COVID-19 has hit an academic world in crisis. At the time the pandemic irrupted into campuses last year, universities around the world had been shaken for years by precipitous changes, characterized by highly unequal and often highly negative consequences for both scholars and students. With this dramatic opening statement, I refer specifically to the ways in which academic capitalism has unmade and remade scholarship and everyday forms of academic labor.
As I have been arguing on these pages for more than a decade, the marketization, commercialization and commodification of higher education have fundamentally altered the motivations, experiences and practices by which students study for degrees and academics engage in scholarship. At the same time, they have profoundly transformed the institutional structures by which universities are governed and operate. Academic capitalism has contributed to the integration of the global academic system. However, it has done so by way of the sharply hierarchical logic of global university rankings and with profit extraction as one central motive.
The growth, in number and size, of overseas campuses of wealthy elite university offers a case in point. Academic capitalism relentlessly encourages ‘excellence’ in scholarship. However, it has contributed to the creation of a winner-takes-all academic world, increasingly divided between well-funded, well-paid elite academics in stable employment and a struggling precariat of scholars just trying to get by. Academic capitalism seeks to draw increasing numbers of young people into higher education. However, it does so in terms of an instrumental rationality that foregrounds the acquisition of a degree certificate and the resulting economic benefits to degree-holders over the pleasures of disinterested learning and the role of education in the democratic political process. All this on a global scale, local variations in academic systems notwithstanding. I do not believe that it would be excessive to associate the ongoing and unresolved crisis of liberal democracy with the rise of academic capitalism.
My objective here is not to engage in a diatribe against the excesses of marketized higher education. The issue at hand is to take stock of the condition that universities find themselves in and consider obstacles to in some sense positive change in the COVID world.
In this context, the problem of academic disaster capitalism is notable. Popularized through Naomi Klein’s The Shock Doctrine (2007/2014), the term refers to the exploitation of large-scale societal or institutional crises to effect change that will benefit specific actors in economic terms. While Klein focuses on the implementation of neoliberal policy regimes during and immediately following the Cold War era, other, more recent analyses have shared her emphasis on the instrumentalisation of crises for economic gain. For example, Philip Mirowski’s important z (2014) considers neoliberalism’s capacity for self-perpetuation in the wake of the international financial crisis of 2008. Opportunities for disaster capitalism created by COVID-19 equally merit attention.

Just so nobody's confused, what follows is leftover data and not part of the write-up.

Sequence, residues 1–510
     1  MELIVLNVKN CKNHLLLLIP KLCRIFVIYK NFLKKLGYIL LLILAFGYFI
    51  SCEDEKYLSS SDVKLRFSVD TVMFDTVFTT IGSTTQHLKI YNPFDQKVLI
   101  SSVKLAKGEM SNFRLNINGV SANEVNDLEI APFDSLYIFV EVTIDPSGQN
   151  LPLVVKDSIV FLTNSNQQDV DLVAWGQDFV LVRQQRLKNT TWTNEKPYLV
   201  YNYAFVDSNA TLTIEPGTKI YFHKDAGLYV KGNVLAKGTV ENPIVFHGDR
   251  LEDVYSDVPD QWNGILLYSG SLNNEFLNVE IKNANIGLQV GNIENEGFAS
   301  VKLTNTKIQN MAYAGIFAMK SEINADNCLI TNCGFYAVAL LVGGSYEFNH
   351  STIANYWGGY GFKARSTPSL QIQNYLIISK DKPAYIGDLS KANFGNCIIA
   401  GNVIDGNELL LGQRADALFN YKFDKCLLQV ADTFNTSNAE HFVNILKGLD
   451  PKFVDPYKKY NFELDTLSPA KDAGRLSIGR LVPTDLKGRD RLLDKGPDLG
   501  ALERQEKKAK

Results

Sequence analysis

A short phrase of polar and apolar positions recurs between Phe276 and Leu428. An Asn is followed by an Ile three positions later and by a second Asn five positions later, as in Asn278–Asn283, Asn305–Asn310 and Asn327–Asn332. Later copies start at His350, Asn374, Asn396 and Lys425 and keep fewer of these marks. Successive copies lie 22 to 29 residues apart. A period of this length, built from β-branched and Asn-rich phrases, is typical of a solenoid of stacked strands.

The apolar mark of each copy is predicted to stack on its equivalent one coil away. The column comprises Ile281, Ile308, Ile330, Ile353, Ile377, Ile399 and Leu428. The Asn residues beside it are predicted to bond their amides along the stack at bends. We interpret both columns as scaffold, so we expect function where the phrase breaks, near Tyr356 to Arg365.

Early indicators are readily found, in various forms:
- Institutional re-structuring and layoffs: A signal feature of academic capitalism lies in the continuous reorganization of universities to focus on the most profitable ‘revenue streams’ (degree programmes and departments). The downsizing of programmes and departments tends to be accompanied by large-scale layoffs of academic staff and the associated precarization of academic labour. COVID-19 seems to provide ample cover for this, even though the genuine financial difficulties occasioned by the pandemic should not be dismissed. A spectacular, ongoing dispute at the United Kingdom’s University of Leicester over restructuring and wide-ranging layoffs illustrates this particularly well. Justified as a response to the pandemic and a drop in demand for certain degrees, the university’s plans have attracted industrial action and an international boycott.
- The remodeling of teaching: As the public university, in the proper sense of the word, fades away, universities are increasingly reliant on tuition fees, rather than public funding, to sustain themselves. The pandemic may serve as a useful opportunity to trial changes to structures of teaching and learning that increase income and revenue for universities. In this context, the University of Manchester’s recent decision to shift a substantial part of its teaching online long-term deserves attention, as, perhaps, a sign of things to come.
These two examples hint at much broader changes that might lie ahead for universities, as the world learns to live with COVID-19 in the long run. They deserve attention for two reasons.
On the one hand, longstanding critiques of academic capitalism, in a variety of academic systems, may occasionally attract public attention and generate debate. They have not, however, generated systemic change in any way that I can think of.
On the other hand, the inequalities that define academic labour frequently seem to be invisible to academic managers and scholars in leadership positions. So, for instance, in a 2020 piece in Times Higher Education, Dawn Lerman and Falguni Sen are enthusiastic in their assessment of the shift to online teaching that the pandemic has brought about at U.S. universities. They do not consider the often-crushing workload that this shift, ad hoc and haphazard at many higher education institutions, has entailed for academics. Equally, they do not pay attention to the considerable potential for outsourced, precarious teaching work that this shift entails, in an academic system in which a large majority of employment is already off the tenure track.
Therefore, this seems to be a good time to feel pessimistic about academia in the COVID world, and to turn this pessimism into meaningful debate and effective action.